After avoiding the medium for almost two decades, Lana Turner came to television with an all-star cast that included Ralph Bellamy, Kevin McCarthy and George Hamilton. The show also had former Gilligan's Island-er Natalie Schaffer (Mrs. Howell) in it.
The Survivors was ABC's big budget best bet for 1969 - but it landed a huge flop. ABC brought George Hamilton back a couple of weeks after The Survivors was cancelled in an 'adult drama' entitled Paris 7000. It also quickly got the ax.
The Ann-Margret Special - her second for CBS, aired December 6, 1969.
Diana Ross and The Supremes and The Temptations: TCB on Broadway, produced by Motown, was a big hit on NBC and spawned a soundtrack album.
Frosty the Snowman debuted on CBS in December.
Hey, Hey, Hey, It's Fat Albert was an animated special on NBC, based on Bill Cosby's hilarious stand up routines. It inspired a long-running CBS Saturday morning show.
Bing Crosby celebrated Christmas with Carol Burnett on December 18, 1969.
Dionne Warwick hosted Glen Campbell and Burt Bacharach in a salute to Bacharach's many lovely tunes.
Flip Wilson, Jack Benny, Don Adams, Johnny Carson, Robert Goulet, Perry Como, Raquel Welch, Mitzi Gaynor Frank Sinatra and Frank Sinatra, Jr. all hosted one-hour specials in the latter part of 1969.
Jack Benny was seen on Liberace's weekly show.
Jack Benny & Phil Silvers with Dick Cavett:
Download the Romper Room tunes you loved!
:LATE NIGHT WAR:
The Tonight Show with Johnny Carson accounted for $15 million dollars of revenue for NBC in 1969, that's $100 million in today's dollars. The show was earning so much money, CBS and ABC were determined to get in on the act and break Carson's grip on the late night audience.
They were doomed to failure but not for lack of trying.
ABC launched The Joey Bishop Show in 1967 but Bishop failed to make much of a dent in Carson's ratings in part because Carson used aggressive tactics to book the best guests first. Regis Philbin was Bishop's sidekick.
The Merv Griffin Show on CBS was launched on August 18, 1969 after four years in afternoon syndication, replacing late show movies. The network signed the star to a two year deal and renovated an old Broadway theater to broadcast from.
Opening week guests: Woody Allen, Joe Namath, Tiny Tim, Sonny and Cher, Joan Baez, Moms Mabley and Rodney Dangerfield. Merv's co-host was Arthur Treacher, Mort Lindsay was the musical director.
Despite clearance on 90% of the CBS affiliates, the Merv Griffin Show never clicked. By the spring of 1970, stations were dropping it altogether or moving the show to afternoons.
Most of the big stars lived in LA, so Carson moved his production permanently to Los Angeles in 1970. CBS then realized it had been a mistake to broadcast Merv's show from New York. At great expense, Merv was relocated to Hollywood in the fall of 1970 but the program was gone by February, 1971.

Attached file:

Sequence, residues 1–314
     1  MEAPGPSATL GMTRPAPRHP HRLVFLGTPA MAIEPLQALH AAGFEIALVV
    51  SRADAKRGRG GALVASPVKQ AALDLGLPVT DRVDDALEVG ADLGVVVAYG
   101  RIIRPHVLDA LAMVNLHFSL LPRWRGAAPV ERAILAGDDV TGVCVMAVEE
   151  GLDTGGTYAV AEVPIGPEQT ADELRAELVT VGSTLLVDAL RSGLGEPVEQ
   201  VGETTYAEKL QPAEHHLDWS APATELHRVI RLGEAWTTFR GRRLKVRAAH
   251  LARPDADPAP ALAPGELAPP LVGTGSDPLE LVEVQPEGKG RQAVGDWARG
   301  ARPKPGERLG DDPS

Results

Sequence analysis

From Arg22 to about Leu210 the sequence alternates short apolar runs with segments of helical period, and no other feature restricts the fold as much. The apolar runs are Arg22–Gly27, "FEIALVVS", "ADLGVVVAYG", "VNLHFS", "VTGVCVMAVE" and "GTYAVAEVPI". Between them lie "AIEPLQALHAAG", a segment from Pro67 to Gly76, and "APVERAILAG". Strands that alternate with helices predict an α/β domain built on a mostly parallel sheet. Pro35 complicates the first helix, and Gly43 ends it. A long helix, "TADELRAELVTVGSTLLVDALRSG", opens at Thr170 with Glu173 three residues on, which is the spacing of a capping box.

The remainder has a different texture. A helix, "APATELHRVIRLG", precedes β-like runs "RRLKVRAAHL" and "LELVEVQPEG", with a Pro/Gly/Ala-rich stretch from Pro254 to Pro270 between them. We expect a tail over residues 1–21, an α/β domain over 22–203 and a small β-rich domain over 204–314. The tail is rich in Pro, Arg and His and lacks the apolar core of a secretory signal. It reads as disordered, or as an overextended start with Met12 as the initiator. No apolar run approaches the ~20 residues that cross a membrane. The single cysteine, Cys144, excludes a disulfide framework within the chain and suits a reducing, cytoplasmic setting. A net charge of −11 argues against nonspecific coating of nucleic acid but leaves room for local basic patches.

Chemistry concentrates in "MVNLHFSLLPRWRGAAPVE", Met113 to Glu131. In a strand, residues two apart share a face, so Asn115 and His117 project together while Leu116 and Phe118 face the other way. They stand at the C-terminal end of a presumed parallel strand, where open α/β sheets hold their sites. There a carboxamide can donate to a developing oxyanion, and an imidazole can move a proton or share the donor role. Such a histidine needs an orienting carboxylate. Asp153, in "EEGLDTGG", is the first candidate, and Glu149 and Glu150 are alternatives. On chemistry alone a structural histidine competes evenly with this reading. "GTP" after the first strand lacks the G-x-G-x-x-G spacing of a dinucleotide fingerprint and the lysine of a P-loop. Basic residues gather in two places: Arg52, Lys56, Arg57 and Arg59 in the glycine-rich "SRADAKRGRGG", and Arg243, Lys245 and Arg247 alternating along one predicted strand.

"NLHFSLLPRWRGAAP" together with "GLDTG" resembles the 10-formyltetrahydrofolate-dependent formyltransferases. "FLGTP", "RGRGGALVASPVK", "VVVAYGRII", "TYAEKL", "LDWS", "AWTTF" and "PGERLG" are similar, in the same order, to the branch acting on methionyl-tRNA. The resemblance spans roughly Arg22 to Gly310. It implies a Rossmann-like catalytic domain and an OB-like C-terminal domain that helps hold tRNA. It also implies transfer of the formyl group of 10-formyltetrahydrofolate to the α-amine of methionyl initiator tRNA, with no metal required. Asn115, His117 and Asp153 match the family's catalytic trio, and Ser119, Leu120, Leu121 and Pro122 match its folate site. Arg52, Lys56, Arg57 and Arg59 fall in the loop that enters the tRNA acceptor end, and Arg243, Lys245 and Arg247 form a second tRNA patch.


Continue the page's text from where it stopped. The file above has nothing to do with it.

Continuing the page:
Merv Griffin finally hit his stride with another afternoon syndicated variety/talk show that was highly rated throughout the seventies.
On ABC, The Dick Cavett Show bowed on ABC December 29, 1969 replacing Joey Bishop who quit by storming off the set after his opening monologue just a few weeks earlier.
Opening week guests: Woody Allen, Isaac Stern, Buck Henry, Mama Cass, Rex Reed and Rod Steiger.
Before his late night show debuted, Cavett hosted a low-rated but critically acclaimed primetime talk show in the summer of 1969 that attracted a number of major film stars that shied away from talk shows.
Cavett was considered the thinking man's talk show host, indeed his style - and his guests - tended to be more serious and introspective than the Carson/ Merv model.
Dick Cavett with Rex Reed in 1969.
Unfortunately for the contenders, the Tonight Show was more popular than ever, capping off 1969 with a ratings bombshell - the wedding of Tiny Tim to Miss Vickie on December 17th.
The Hollywood Palace with Anthony Newley and Lola Falana singing "Where Would You Be Without Me?" from his musical, The Roar of the Greasepaint the Smell of the Crowd.
First year of a 7 year run. This show shot to number one and revived a TV format popular in the early-sixties - the medical drama. It has proven successful, on and off, ever since.
In this clip, Herb Klein remarks about one of the first things Nixon did upon taking office - it has to do with television.
Sugar Ray Robinson tells Art how he ran through millions of dollars and was now broke.
With Linkletter never caught on and was cancelled in the fall of
1970. Despite a run of 18 years on network daytime TV, Art Linkletter
never hosted another network TV series, in part due to his fervent, heart-breaking
anti-drug crusade following his daughter's death. In October of 1969 Art's
daughter Diane Linkletter (who was featured on the last season of the
previous series when it was re-titled The Linkletter Show) made
headlines when she committed suicide by jumping to her death during an